Sunday, 14 June 2020

Poems in the Backroom 90: Holly Magill

As I've said previously, I'm delighted to have been associated with the 'Poet's Republic', a magazine, publishing house and sort of family which has often provided a counter-point to the sleeker more established magazines out there. It's sort of getting towards the defunct magazines in Scotland you miss as much for their excellent commentary as their excellent poetry, like 'West Coast Magazine', 'Radical Scotland' and 'Cencrastus'. By commentary I'm meaning the place of poets and poetry in the radical stream of consciousness. 'Poet's Republic' set up a 'Poets React' platform for ...well...angry poets. Don Paterson said, sensibly, that poetry should not be "being in love with your own sensitivity as opposed to actually feeling anything." I find myself operating at a level of barely controlled rage some of the time, as I'm sure many do. It's difficult not to make a poem expressing anger into a rant, which should perhaps be an art form in itself. It's brilliant therefore to feature a poet today in the Backroom whose poetry is as at home on the back page of the Morning Star as it is in more established literary magazines, and who is good enough for both.  

Holly Magill’s poetry has appeared in numerous magazines, including 'The Interpreter’s House', 'Bare Fiction', and 'Under The Radar', and anthologies –'Stairs and Whispers: D/deaf and Disabled Poets Write Back'  from Nine Arches Press and '#MeToo: A Women’s Poetry Anthology' from Fair Acre Press. She won first prize in the 2019 Cannon Poets ‘sonnet or Not’ competition. She co-edits 'Atrium'.  Her debut pamphlet, 'The Becoming of Lady Flambé', is a wonderful collection centring around the life of a fictional circus girl and issues like identity and loneliness is out now and available from Indigo Dreams Publishing. There is a link to purchase this below.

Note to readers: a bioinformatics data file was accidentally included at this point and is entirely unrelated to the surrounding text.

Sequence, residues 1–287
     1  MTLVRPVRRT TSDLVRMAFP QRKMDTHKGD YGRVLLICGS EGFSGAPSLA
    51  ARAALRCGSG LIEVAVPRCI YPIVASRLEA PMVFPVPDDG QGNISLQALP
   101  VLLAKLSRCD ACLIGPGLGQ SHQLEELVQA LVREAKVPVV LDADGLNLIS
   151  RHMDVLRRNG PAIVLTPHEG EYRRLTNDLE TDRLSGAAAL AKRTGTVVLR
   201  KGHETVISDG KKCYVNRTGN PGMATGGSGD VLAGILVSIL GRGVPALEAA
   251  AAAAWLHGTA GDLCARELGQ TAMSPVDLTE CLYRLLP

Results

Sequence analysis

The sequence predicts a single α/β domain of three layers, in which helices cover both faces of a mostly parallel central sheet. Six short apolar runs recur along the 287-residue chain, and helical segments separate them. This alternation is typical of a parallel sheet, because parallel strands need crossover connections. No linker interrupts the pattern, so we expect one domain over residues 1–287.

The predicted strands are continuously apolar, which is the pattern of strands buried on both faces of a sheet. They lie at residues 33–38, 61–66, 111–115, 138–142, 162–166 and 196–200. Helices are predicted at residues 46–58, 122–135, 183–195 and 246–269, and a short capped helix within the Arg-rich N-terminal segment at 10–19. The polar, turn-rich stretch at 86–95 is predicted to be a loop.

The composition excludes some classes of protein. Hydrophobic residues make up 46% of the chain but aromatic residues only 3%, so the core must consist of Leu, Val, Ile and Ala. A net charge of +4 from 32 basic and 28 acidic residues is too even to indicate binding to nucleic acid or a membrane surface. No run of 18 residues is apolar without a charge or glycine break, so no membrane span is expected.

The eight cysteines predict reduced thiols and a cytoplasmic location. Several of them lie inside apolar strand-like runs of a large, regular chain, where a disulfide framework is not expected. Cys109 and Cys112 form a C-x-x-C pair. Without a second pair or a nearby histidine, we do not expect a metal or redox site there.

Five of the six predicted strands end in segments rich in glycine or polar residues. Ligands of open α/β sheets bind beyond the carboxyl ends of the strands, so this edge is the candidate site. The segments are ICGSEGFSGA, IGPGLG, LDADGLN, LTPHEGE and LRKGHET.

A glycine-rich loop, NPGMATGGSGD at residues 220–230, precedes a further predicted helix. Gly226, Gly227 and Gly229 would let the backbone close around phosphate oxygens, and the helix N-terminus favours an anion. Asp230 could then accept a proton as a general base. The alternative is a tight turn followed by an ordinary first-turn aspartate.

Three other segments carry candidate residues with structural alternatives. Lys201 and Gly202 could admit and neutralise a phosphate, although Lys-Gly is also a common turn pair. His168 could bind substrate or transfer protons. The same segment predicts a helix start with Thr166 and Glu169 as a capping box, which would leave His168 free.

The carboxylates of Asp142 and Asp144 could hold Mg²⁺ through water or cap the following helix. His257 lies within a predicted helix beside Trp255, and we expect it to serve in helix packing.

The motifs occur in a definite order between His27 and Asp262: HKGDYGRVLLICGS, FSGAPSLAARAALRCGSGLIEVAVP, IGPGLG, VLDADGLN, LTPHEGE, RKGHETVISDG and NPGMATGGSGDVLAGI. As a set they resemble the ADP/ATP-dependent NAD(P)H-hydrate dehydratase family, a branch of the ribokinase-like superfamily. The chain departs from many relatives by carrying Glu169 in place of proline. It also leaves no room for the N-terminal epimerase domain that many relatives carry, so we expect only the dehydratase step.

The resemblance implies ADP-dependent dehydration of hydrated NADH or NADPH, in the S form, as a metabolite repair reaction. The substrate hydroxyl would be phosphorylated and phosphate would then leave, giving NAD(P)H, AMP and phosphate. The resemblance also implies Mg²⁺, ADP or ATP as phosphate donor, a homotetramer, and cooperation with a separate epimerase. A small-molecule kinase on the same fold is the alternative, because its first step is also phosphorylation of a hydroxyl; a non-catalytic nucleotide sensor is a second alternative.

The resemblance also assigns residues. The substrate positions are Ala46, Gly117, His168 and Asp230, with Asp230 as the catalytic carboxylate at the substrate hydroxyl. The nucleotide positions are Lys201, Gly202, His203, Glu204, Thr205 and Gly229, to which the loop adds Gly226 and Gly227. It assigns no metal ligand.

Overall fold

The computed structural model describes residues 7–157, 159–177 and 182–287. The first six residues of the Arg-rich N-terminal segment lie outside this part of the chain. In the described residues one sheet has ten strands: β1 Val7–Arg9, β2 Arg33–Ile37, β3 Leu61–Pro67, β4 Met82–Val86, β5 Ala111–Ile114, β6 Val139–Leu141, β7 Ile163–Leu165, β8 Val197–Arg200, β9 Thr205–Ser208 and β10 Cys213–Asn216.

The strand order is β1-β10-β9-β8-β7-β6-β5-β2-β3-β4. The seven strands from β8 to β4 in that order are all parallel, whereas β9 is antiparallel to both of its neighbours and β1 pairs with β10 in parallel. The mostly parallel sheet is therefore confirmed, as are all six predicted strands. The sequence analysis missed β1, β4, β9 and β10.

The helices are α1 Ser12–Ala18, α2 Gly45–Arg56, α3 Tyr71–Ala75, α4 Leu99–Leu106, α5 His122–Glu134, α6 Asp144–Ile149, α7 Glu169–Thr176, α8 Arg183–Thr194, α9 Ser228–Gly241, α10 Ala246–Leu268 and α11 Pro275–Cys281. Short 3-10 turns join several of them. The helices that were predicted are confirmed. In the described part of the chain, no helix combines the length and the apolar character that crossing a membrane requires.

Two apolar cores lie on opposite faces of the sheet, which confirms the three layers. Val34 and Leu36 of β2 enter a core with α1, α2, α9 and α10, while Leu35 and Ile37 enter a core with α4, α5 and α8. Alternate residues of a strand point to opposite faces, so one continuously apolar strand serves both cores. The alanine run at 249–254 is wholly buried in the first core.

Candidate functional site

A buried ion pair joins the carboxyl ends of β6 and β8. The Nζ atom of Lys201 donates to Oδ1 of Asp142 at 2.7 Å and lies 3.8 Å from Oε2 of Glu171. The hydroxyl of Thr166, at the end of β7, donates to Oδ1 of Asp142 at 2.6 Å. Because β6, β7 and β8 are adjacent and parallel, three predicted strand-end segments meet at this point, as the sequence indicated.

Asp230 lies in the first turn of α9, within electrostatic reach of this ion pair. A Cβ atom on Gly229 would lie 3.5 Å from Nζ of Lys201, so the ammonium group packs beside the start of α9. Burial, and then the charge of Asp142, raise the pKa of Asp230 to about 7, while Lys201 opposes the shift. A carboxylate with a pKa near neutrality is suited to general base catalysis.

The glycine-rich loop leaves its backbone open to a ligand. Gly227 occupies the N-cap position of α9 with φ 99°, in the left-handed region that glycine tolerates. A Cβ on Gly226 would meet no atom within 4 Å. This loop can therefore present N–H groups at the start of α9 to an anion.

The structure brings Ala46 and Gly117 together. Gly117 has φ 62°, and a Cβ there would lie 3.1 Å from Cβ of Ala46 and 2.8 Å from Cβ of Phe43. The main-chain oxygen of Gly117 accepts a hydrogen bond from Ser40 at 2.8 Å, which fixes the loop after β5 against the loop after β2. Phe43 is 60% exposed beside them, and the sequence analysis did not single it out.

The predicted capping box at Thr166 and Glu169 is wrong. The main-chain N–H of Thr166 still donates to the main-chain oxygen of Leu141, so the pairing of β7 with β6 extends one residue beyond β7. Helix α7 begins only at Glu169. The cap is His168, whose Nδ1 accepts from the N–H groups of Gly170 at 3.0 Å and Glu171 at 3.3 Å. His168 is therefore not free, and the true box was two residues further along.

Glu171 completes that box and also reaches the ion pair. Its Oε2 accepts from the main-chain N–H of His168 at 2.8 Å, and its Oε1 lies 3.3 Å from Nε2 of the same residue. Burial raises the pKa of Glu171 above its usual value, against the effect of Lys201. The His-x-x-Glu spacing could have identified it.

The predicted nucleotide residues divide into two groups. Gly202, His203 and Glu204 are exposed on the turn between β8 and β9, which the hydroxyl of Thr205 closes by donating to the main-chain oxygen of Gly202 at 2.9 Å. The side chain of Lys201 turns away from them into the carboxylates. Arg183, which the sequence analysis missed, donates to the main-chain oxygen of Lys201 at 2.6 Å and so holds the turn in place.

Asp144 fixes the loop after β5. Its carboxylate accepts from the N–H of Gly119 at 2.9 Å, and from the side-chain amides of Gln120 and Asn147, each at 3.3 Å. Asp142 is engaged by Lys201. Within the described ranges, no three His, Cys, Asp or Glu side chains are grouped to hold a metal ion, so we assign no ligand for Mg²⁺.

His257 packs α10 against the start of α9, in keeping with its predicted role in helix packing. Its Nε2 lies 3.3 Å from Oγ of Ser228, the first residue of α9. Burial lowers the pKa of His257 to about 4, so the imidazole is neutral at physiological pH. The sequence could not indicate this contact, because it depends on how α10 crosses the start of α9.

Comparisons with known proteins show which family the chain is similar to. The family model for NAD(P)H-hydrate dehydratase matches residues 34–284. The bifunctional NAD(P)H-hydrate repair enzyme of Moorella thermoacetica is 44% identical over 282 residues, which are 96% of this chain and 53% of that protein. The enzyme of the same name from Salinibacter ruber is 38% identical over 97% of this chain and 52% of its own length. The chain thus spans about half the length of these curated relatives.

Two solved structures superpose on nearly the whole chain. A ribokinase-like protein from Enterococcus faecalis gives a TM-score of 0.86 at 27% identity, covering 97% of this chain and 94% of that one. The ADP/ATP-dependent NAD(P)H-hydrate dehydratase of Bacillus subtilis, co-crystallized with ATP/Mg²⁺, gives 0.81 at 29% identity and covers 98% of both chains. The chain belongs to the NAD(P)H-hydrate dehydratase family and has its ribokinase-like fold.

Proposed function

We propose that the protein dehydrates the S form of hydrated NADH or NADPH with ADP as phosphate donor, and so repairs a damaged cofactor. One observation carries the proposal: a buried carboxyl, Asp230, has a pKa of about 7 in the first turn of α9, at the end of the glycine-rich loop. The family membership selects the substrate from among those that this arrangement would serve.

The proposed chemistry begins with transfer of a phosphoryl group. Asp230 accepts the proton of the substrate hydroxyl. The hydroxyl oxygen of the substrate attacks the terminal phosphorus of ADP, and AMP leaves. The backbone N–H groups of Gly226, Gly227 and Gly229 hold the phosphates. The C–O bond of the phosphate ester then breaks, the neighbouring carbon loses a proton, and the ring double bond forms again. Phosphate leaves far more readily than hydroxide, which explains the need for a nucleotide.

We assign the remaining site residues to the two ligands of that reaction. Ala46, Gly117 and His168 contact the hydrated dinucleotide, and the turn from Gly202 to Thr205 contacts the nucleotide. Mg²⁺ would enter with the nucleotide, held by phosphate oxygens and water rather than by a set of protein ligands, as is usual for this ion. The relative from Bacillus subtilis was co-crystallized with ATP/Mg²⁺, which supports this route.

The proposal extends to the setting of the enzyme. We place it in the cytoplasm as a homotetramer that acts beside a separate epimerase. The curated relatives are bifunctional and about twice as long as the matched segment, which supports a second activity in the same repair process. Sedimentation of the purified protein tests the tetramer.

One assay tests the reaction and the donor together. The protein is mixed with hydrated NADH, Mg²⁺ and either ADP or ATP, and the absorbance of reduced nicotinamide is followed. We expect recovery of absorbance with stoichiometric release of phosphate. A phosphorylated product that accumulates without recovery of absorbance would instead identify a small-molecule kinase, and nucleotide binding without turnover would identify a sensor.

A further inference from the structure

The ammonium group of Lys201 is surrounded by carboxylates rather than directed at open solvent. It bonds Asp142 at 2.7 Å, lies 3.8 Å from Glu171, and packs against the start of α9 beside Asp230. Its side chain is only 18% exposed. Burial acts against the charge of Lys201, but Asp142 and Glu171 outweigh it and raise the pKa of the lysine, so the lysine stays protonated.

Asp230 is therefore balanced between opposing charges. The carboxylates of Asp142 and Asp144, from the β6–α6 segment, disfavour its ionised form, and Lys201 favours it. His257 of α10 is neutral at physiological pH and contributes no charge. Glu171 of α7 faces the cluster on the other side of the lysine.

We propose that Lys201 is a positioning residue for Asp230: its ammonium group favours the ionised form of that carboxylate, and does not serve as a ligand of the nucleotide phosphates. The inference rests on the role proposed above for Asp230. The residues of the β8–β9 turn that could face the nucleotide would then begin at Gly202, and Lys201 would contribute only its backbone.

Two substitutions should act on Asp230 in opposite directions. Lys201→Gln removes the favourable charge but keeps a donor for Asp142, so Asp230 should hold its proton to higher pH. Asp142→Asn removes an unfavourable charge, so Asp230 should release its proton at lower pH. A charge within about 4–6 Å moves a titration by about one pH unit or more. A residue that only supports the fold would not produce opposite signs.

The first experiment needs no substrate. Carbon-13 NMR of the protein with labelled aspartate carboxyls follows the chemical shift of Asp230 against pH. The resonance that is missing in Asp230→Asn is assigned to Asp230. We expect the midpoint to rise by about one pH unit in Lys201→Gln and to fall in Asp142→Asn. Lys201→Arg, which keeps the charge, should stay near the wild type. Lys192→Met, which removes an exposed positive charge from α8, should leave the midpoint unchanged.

Here Holly reads 'The Politest Riot'. It is transcribed below, along with two other poems:

Link to 'The Becoming of Lady Flambe' in Indigo Dreams Press:

Three More poems from 'Clear Poetry':

A Review of 'The Becoming of Lady Flambe':

The Politest Riot

I will not play into hands that would beckon
close only to shuck me off before they
plunge into vats of antibacterial.

I will not play – screaming, swearing, kicking, spitting –
though God, I know the urge.

Far too easy for you to dismiss as emotional, erratic,
unstable hysteric.

I will not play. Because this is no game.

I am no cleverer – and no more thick – than those bawling the odds.
You would prefer their anarchy, fists through windows,
disorderly arrests to make an example.

Shame them as yobs in the press,
don’t know any better, any excuse for a ruck.
Waste of taxpayers’ money to educate the dross.

That would serve your policies well, I see that:
the NHS literally gave me vision.

I’m trying, I’m a good girl. I try…

courtesy and reason – a surprise to you
that shouldn’t be.

Yes, I have benefitted – from free uni education,
from Social Housing, from scrounging and school milk.
Been told I don’t talk like a DWP claimant.

In public libraries I learned
the lightning and violence of language.

Yes, officer, I will come quietly, so very quietly.

But not silent. I use the words you don’t
want the rough ’uns to comprehend.

O, still small voice not taped to a flying brick.

Every day more hands join in the dark.

Everyone deserves quality…’

The incumbent Conservative will cut
the shiny red ribbon, celebrate

130 jobs created – including artisan bakers,
sushi chefs, specialist prosecco pourers.

(The paper doesn’t mention the cleaners.)

There’s free wifi and 285 parking spaces;
a wine bar featuring a microbrewery draft pump
– only the second of their UK stores to have that.

Come on in, feel posh – look, you can
vote for their next charity of the month
with a plastic token, not have to give

a penny or a fuck.

(From 'The Morning Star')


Zhinnia sparks her lighter, watches
the flame bloom the face she loves
to a lie of rosiness.

They’ve got candles, filched vodka, cheapest cider.
Brisket’s purrs make warm storm-clouds
of the old sofa cushions and crochet blankets
they’d saved from a skip.

You’re different, Zee, special, like.

Kayla’s dad isn’t around to haunt the shed anymore;
her mum keeps talking about knocking it down,
getting a pergola.

Zee, I’ve fallen for someone.

Everything is purring, purring, purring,
baccy flake confetti freefall,
creosote tang and White Musk,
The most beautiful firetrap

just aching to burn.